Picks and Pans Review: Fortunes of War
updated 02/01/1988 AT 01:00 AM EST
•originally published 02/01/1988 AT 01:00 AM EST
British minis are like trains: The longer they get, the slower they go. This Masterpiece Theatre seven-parter—based on author Olivia Manning's Balkan and Levant trilogies—starts with promise, in an intriguing time and an unusual place. World War II is just beginning, as an English teacher (Kenneth Branagh) and his bride (Emma Thompson) arrive at their home in Bucharest. There, with fellow expatriots—a few reporters, some twitty professors and a ne'er-do-well sponger named Prince Yakimov (Ronald Pickup)—they gossip and worry about war as the Romanian Prime Minister is shot, as Jews are arrested and as British civilians plan sabotage against the Germans. At the start it looks as if we will have an eventful ride on this TV train.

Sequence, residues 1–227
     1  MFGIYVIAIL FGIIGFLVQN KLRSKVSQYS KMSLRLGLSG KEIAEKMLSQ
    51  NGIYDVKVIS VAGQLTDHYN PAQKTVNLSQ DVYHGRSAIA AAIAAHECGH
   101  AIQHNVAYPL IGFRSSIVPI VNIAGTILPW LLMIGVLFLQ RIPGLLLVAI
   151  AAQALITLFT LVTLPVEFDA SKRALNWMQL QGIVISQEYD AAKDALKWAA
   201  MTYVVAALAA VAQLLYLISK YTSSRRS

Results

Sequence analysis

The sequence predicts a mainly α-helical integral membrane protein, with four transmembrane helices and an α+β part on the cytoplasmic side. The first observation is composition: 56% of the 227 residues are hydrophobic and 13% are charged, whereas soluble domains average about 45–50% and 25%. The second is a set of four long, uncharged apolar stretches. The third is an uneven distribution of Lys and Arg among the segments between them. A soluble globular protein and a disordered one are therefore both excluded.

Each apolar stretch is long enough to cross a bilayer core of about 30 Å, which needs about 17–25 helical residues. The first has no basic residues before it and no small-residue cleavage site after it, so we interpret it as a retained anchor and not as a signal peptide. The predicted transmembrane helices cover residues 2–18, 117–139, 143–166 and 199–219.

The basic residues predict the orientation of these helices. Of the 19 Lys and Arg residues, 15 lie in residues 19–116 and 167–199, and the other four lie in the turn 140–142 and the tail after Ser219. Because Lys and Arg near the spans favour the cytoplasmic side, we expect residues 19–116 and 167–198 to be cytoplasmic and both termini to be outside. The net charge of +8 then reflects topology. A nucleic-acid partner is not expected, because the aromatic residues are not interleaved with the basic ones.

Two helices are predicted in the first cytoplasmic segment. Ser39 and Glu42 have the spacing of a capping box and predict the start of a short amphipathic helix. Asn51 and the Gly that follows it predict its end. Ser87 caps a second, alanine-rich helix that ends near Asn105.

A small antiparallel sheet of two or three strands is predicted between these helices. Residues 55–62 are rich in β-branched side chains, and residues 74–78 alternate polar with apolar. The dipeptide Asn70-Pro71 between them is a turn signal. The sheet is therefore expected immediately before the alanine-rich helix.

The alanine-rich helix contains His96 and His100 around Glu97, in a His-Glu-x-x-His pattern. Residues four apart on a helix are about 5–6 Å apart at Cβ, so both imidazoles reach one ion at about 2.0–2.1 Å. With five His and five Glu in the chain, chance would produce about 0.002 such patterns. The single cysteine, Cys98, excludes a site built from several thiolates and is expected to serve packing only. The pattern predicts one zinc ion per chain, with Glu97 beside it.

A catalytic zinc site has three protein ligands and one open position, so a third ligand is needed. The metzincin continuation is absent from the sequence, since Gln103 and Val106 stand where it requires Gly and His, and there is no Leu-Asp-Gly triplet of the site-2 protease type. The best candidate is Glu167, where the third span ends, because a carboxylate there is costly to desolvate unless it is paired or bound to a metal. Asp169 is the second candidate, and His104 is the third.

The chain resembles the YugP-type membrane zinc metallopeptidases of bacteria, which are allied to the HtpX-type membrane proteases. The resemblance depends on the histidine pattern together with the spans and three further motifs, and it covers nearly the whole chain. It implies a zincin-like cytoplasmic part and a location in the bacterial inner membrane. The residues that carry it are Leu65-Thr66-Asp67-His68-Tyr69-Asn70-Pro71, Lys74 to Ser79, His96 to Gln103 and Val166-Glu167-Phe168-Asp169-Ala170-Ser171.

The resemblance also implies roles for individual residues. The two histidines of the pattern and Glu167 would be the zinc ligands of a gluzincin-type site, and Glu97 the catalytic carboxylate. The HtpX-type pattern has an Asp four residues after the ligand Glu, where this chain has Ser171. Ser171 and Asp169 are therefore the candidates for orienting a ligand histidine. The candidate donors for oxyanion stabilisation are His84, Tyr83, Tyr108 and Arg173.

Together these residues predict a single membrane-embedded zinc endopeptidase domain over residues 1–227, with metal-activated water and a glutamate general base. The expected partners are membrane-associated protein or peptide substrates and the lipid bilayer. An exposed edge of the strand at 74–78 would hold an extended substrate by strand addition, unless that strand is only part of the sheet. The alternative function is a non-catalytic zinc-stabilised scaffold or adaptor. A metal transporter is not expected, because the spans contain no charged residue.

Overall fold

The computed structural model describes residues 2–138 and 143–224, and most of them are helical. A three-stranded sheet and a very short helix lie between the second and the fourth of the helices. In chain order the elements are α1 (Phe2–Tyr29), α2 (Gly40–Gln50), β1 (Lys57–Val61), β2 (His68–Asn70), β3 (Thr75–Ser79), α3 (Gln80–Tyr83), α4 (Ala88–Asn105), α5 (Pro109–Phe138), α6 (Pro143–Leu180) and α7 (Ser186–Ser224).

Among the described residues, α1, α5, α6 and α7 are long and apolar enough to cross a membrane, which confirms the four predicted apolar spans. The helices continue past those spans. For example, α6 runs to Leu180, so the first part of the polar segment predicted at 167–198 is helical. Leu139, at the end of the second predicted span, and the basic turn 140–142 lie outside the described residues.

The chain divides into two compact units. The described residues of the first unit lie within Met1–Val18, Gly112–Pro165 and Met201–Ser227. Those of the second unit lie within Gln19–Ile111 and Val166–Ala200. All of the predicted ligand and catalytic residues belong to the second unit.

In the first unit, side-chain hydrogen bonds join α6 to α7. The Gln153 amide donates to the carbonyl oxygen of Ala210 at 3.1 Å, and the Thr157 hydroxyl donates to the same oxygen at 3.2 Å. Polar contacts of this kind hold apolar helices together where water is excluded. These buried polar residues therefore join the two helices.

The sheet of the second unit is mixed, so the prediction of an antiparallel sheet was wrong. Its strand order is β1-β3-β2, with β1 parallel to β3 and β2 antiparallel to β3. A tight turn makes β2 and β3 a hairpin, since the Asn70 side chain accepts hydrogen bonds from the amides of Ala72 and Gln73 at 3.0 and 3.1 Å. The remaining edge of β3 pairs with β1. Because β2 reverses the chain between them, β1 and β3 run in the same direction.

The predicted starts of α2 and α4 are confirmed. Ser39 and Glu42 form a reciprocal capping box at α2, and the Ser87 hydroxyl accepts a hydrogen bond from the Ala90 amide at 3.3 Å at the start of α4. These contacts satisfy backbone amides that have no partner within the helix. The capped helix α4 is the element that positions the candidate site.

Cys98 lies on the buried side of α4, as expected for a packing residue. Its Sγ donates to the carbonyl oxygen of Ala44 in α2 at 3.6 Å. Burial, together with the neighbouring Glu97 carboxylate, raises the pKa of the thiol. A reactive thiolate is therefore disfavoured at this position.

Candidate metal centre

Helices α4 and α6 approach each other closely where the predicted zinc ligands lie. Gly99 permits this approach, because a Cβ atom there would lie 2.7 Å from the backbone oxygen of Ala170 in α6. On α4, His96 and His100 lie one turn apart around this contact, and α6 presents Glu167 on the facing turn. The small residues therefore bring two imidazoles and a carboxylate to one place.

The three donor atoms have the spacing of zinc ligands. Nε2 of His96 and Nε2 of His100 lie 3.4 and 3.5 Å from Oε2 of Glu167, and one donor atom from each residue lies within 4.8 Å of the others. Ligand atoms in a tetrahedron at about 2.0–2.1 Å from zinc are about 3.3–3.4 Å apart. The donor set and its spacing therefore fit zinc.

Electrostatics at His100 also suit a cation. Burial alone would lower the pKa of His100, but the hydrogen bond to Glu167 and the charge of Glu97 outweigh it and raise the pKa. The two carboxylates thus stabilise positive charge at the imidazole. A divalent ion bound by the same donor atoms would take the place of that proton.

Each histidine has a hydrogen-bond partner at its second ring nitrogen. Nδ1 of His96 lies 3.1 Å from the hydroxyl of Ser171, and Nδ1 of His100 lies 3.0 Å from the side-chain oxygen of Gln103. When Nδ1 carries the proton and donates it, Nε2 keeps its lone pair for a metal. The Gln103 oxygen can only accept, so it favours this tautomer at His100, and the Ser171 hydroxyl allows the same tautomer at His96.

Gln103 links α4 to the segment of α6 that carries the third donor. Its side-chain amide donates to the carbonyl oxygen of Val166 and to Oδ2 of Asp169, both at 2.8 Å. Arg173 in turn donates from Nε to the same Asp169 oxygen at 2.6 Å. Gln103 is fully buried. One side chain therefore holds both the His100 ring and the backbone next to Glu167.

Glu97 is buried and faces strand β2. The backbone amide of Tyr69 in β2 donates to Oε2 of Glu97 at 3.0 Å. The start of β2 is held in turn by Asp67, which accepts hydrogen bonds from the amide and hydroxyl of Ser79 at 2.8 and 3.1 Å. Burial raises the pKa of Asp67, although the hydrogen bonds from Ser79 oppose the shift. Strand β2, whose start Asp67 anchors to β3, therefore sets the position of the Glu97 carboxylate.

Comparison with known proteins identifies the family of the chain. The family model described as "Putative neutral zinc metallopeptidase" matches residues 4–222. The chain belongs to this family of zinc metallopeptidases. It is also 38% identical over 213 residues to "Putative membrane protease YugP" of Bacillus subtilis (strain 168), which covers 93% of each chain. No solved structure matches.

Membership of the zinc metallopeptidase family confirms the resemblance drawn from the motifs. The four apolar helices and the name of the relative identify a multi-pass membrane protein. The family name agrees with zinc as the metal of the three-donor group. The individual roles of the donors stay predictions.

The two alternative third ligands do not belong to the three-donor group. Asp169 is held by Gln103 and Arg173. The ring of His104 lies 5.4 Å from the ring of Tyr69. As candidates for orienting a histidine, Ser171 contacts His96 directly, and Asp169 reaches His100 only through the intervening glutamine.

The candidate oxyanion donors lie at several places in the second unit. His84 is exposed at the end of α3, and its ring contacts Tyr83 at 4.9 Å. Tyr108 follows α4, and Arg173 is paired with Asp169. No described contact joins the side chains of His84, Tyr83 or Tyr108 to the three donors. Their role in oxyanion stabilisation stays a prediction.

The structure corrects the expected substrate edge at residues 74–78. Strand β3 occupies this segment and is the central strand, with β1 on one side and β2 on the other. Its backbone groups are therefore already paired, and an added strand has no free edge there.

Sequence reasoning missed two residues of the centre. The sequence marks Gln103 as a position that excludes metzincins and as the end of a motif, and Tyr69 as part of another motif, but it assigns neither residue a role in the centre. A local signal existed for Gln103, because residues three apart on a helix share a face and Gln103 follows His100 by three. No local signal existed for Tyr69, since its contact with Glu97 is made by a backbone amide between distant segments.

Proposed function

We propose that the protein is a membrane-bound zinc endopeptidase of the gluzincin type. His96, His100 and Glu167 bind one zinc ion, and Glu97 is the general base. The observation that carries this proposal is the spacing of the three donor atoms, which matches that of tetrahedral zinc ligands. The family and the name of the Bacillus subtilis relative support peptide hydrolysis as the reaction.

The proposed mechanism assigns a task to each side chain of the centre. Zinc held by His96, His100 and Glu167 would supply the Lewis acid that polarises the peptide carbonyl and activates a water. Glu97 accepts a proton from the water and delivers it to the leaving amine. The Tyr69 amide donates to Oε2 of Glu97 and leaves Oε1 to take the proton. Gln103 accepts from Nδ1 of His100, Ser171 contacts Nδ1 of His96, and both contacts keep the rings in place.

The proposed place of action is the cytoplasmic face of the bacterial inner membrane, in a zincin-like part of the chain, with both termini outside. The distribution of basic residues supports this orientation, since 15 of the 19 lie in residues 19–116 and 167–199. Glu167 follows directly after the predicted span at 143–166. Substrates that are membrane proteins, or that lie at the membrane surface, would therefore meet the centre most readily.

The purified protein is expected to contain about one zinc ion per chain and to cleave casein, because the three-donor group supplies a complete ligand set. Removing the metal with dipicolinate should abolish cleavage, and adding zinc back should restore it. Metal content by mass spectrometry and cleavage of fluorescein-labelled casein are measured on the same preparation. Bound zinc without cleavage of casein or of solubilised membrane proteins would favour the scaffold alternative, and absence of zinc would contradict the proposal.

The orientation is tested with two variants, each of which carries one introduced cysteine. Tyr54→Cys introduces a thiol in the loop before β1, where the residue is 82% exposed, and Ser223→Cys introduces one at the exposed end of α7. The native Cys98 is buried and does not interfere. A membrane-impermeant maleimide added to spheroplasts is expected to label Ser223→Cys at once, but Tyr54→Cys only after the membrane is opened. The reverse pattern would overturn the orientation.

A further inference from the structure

But pretty soon the scenery all starts to look alike; you get tired of staring at the same faces hour after hour; the slow klunketa-klunketa rhythm of the thing starts to lull your brain to sleep; and nothing happens. A clumsy cat kills itself. Germans go to the Brits' favorite bar and sing Nazi songs until, in retaliation, Thompson sticks a hairpin in a fascist fanny. The Nazis take over Bucharest, and everybody gets out except Branagh, the professor, who decides for no good or noble reason to stay. Then the Brits go to Greece and stay there until it is taken over. Then they go to Egypt and worry about the Germans winning there. Still, nothing happens. Only one person—Emma Thompson—brightens things up; she does a fine job playing the ideal woman—graceful, strong, patient, pretty, smart and silent in her suffering. Without her, this would be nothing but a long, long journey to nowhere.